Wales Maindy Barracks (1)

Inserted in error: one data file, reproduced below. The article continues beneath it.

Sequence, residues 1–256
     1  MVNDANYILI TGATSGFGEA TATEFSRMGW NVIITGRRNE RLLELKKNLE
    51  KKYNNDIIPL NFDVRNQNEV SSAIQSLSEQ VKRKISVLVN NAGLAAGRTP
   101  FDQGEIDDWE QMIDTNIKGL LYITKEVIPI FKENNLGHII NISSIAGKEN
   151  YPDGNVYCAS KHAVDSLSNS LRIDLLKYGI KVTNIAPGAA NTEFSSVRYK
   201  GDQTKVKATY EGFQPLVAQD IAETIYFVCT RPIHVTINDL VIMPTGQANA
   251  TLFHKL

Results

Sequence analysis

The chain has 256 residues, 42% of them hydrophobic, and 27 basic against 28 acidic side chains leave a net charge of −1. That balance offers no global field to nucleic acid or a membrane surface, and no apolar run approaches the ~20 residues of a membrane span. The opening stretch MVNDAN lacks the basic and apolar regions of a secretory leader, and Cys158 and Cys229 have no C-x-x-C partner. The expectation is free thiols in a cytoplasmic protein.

>> Hello, everybody, from inside the Maindy Barracks. I'm in Wales, so you can see the Welsh Regiment flag over there alongside the UK, so you can show, yep. Well, I am going to take you inside the officer mess hall inside. You can zoom out. So here's the picture. It looks pretty old, but I've just finished interviewing at least nine of the Korean War veterans. There are 12 here. Where's Grandpa Brent? Okay. Yay. Grandpa Brent said something that really ... >> Can I get through? >> Oh, of course ... that really ached my heart because he said ... What did you say? >> I said, "Thank you very much. You're the first person to say, 'Thank you.'" I've got it in print. I've got it here. You're the first person to say, "Thank you for your service." >> Everyone, as a young person, that breaks my heart, so let's please, please, please make a note to, when you see a veteran, right, thank them because it means a lot to you. >> It means a lot. >> Yes, and it means a lot for me to meet you, and I was so happy because I really, I was hoping and praying for one, and God showered me with 12. Thank you. [ Chatter ] >> ... for 62 years. >> Aw! >> They never liked it. >> And thank you. Muah. I'm also very proud to say, the daffodil pin because, well, daffodils are the national symbol. >> And that's social in the club, I tell you. >> So I'm very happy, and some of them, I gave this heart, okay, so, yay, and look at his tie, "Korean veteran." So I'll show you inside as well. Thank you so much also for your interview. [ Chatter ] >> We just had lunch. Oh, you have to say, "Hello." >> Yeah, we said, "Hello," earlier, not again. >> He was so articulate. I thought he was a professional broadcaster. He was so good with this interview, so thank you so much, and you brought a lot of pictures. You just brought so many pictures. >> If I could get the [INAUDIBLE], would you let me? >> Of course. Oh. I'll write you one later, okay? Okay. I wanted to also just introduce two last people. My friend Paul Song's aunt who actually lived through the Korean War, she drove with her husband from Bristol. So say, "Hello." >> Hi. >> What does it mean for you to meet some of the veterans who ... >> They're all in their late eighties, and so it is quite moving to listen to their stories, and also, I think it's amazing that you, as a young lady, are inspired by his work because ... >> Here, here. >> ... your generation forgot about the war, but this reminds everything. It's just amazing. I find it so touching. >> How old are you during the war? >> Eight or 9. >> Wow. >> Wow, so you must remember though. >> Yes, I do. >> She was in Pusan. >> Yeah, I was a refugee. >> Well, that is another reason why all of us literally are here because they sacrificed, and so I wanted to introduce you, last but not least, to Lieutenant Colonel Chris Kilmister, and who with many of his, of course, colleagues, but he mainly organized this entire ceremony event. >> My pleasure. >> And thank you so much, all of you. I was amazed, really. >> Pleasure, no, pleasure. >> Yes. Can you say just something about the Royal Welsh Regiment that you can boast about? >> Well, we're an amalgam of quite a few older regiments, South Wales Borderers, the Welsh Regiment, the Royal Welch Fusiliers, and now we're the Royal Welsh, and people you see today are some of the comrades from those antecedent regiments, and we look after all of those, and we're very proud of them. >> What would you say even within the regiment? Because you fought in so many different wars. Maybe the Korean War is still the lesser-known of the different conflicts. >> Not in our regiment because the Welsh Regiment fought there. If we hadn't fought there, then we probably wouldn't know much about it, but because they did fight there, we do know something about it, and we've got many of our comrades over the years who told us the stories. We've also got a very good book, which one of our officers wrote about his experiences in Korea, which is a reading book for most young officers. >> I'm happy to hear that. Do you think the general public, the Welsh public know about the Korean War? >> I suspect not. >> Oh, that's a bit unfortunate, and I guess, in a way, that's what I'm also trying to do. I'm trying to preserve the stories so that my generation and the younger generations will be a little bit more interested and educated about their sacrifices. So thank you so much again ... >> Pleasure, no. >> ... for organizing all of this. I am just overwhelmed with the hospitality, the generous reception welcoming, and I won't forget them, and I hope they don't forget me either. >> No, I'm sure they won't. >> Thank you. So, everyone, this was my last country, last place after now 30 countries to honor veterans around the world as well as all 50 states in America, and it has been one of or the greatest, I know, fulfillment, I think, in my life, and it gets very addicting, everybody. You meet one, and you want to meet another. You want to go to another because you want to convey that same love and gratitude to everybody. So thank you for joining me on this journey, and I will visit the cathedral again tomorrow before I fly out. So thank you, everybody, and let's keep honoring veterans and promoting peace. Bye.